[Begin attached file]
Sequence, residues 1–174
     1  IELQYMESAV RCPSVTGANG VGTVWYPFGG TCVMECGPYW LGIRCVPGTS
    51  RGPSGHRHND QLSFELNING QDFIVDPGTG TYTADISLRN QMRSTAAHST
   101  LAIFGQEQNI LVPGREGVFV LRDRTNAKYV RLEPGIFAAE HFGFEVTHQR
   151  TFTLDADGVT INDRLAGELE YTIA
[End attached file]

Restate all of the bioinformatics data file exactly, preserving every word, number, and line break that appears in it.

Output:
Sequence, residues 1–174
     1  IELQYMESAV RCPSVTGANG VGTVWYPFGG TCVMECGPYW LGIRCVPGTS
    51  RGPSGHRHND QLSFELNING QDFIVDPGTG TYTADISLRN QMRSTAAHST
   101  LAIFGQEQNI LVPGREGVFV LRDRTNAKYV RLEPGIFAAE HFGFEVTHQR
   151  TFTLDADGVT INDRLAGELE YTIA